|Sass Rogando Sasot, ILGA Communication Team Asia|
|Sass Rogando Sasot, ILGA Communication Team Asia|
Francois Pyrard’s account of his time in the Maldives is a treasure trove of exquisite record of events that paint a colourful portrait of the 17th century Dhivehin, their customs, culture and life serving a king under Islamic law. Presented here are abstracts from one of the more enlightening chapters that shed light on the law of the land regarding adultery and homosexuality.
Francois Pyrard’s account of his time in the Maldives is a treasure trove of exquisite record of events that paint a colourful portrait of the 17th century Dhivehin, their customs, culture and life serving a king under Islamic law. Pyrard was stranded in the Maldives and was kept close to the king in Male’ for 5 years from 1602 to 1607.
Presented here are abstracts from one of the more enlightening chapters that shed light on the law of the land regarding adultery and homosexuality. The text has been annotated (only slightly and within brackets) and sectioned into paragraphs by me to increase readability.
The following account portray a people not that different to today. And certainly not different in terms of how justice was served disproportionately between the two sexes. The humiliation visited upon women and the sleaze of men and corruption of those in authority exists even today.
Traveling Arab jurists and legal scholars (such as Ibn Batuta) had great influence on the practical application of the law and punishment back in those days – dishing out their unique brand of violent misogyny as we shall see here. How this kind of law was totally against the genetically ingrained nature of the Dhivehi is evident. Even today.
“I shall now relate divers (diverse) occurrences that happened during my time to particular inhabitants of the island; among others, to a Gentile Canarin of Cochin, a man of great means and position.
For eight whole years he had come and gone about the islands, having everywhere houses, factors, and domestics, speaking the language quite well, and being, in fact, natural- ised.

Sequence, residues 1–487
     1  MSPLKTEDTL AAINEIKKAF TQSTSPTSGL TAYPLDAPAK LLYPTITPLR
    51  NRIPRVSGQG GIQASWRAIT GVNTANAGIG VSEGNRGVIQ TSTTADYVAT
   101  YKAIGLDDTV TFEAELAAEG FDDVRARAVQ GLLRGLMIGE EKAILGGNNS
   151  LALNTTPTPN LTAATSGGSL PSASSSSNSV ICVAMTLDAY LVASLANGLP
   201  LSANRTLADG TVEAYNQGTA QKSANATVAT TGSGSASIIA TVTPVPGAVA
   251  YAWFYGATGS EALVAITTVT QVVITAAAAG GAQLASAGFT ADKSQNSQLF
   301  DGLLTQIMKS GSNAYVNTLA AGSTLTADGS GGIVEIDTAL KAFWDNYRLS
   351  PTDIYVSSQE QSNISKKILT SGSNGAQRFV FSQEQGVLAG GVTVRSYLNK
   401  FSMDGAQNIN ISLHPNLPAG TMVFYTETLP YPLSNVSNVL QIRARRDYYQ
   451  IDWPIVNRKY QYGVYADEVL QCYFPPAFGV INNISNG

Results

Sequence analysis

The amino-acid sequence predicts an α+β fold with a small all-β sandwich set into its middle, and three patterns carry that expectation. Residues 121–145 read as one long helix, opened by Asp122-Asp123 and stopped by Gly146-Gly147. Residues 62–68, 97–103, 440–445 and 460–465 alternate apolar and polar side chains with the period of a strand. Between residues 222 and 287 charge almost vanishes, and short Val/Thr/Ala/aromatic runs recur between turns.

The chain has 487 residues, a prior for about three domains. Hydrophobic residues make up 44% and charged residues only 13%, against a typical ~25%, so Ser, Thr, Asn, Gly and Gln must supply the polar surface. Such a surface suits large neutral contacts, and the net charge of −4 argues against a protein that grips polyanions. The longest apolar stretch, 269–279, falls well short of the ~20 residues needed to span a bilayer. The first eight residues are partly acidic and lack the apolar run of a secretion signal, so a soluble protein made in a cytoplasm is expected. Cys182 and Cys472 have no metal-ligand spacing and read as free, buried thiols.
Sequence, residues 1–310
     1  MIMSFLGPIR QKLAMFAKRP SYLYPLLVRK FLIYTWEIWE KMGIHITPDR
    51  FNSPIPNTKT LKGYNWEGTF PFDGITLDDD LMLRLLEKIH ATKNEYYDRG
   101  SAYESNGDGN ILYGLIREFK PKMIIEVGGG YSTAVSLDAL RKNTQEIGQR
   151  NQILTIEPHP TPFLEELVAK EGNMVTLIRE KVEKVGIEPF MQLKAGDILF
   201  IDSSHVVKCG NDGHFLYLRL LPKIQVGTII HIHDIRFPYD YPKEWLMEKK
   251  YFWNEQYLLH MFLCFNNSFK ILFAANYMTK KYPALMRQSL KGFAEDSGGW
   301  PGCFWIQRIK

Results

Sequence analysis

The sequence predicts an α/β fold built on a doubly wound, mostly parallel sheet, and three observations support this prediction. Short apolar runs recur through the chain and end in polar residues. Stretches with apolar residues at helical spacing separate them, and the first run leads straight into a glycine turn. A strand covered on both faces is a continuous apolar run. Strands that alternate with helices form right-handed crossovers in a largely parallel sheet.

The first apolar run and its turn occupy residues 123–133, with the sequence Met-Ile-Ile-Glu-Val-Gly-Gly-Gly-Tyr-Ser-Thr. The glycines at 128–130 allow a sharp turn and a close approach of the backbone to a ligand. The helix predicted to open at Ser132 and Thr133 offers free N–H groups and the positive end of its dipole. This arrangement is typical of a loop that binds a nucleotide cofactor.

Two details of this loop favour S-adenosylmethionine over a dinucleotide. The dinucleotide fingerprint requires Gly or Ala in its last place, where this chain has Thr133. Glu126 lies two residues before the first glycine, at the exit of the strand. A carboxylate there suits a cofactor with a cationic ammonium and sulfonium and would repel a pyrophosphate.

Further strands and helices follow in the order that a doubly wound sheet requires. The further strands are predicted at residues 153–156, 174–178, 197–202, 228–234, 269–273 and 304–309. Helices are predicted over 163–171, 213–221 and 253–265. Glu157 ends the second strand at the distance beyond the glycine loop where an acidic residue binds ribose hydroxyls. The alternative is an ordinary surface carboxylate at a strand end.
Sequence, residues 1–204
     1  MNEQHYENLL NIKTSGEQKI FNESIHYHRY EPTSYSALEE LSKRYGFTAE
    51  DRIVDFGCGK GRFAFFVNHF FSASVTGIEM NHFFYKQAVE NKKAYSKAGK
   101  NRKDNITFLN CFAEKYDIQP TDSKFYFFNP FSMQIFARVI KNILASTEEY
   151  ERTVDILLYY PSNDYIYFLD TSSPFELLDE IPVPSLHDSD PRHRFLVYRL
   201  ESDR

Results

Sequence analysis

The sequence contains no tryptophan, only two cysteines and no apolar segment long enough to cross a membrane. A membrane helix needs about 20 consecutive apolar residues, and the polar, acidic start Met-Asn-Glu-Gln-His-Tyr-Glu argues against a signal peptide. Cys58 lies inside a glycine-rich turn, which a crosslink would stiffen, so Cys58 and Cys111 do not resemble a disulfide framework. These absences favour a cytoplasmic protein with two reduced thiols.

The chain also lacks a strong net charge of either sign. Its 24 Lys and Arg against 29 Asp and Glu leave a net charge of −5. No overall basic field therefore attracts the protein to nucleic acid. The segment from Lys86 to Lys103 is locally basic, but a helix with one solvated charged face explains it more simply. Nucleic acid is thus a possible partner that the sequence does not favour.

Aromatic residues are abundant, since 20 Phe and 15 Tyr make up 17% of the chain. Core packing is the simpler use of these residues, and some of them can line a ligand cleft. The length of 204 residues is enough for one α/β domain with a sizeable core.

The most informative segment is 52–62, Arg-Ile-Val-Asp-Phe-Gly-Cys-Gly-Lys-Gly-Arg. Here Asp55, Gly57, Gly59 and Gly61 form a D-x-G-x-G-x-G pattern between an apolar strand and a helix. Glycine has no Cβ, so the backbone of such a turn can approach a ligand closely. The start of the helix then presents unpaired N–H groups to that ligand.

One day this man was surprised lying with a woman of the islands. He had kept her for six months, and she was but a poor servant-girl. He was presently haled with her before the Grand Pandiare (fandiyaaru), to whom he protested that he had done her no manner of harm; that he desired to become of their faith, and would marry the woman.
This was done, and he became a Mahometan (a Muslim); and it appeared that he had for a long time desired this end, for that he owed much money at Cochin, as to which he became bankrupt. He espoused this woman and made a great lady of her: for there, strangers, both men and women, can wear whatever they please.
When he made the promise he was set free, but upon her judgment was passed according to the law: all her hair was shaved, then she was bathed in old and stinking oil, her head put in an old sack of sail-cloth, and then she was beaten at all the cross-roads and round the island (Male’).
This is their manner of punishing all men and women taken in adultery or fornication. But there, as here, money does everything and saves from everything.
As for the conversion of the man, he was borne in triumph through the streets and round the island, accompanied by the greatest lords, and by the people of all sorts and conditions; he was presented with much money and raiment and a new name: for there, names are given at pleasure and by whomsoever, be it father, mother, kindred, or even the first comer; and also at any time, and not only at birth or circumcision, insomuch that it seemed to me they give names as we do here to dogs and horses: for the name first given by whomsoever is the one that sticks to a man.
The king likewise granted dignities to the new convert, making him purveyor and distributor of all the rice and other provisions and merchandise wherein the king trafficked.”
Pyrard notes that the fandiyaaru that passed the judgment was an Arab who was traveling home from Aceh. The king had persuaded the man to stay and as a result was much loved by the king and respected and greatly feared by the people.
Pyrard continues with a very interesting account:
While this Pandiare was in office I saw him one day do exemplary justice on a large number of women. They were about twenty-five or thirty in number, some of the greatest ladies in the land, who were accused of a crime whereof I never heard tell before; it is practised only at the Maldives, and is called Poiy tallan.
Footnote mentions Poiy as fui – or vagina. Tallan is slang for fuck still in use today. Modern equivalent of the act described by the phrase “poiy tallan“ maybe tribadism (link NSFW) or tribbing.
More accurately the women were convicted of having lesbian sex.
The translator includes some of Pyrard’s original Latin text in the footnotes. I feel the text was not translated to the English for its perceived lewdness by the translator.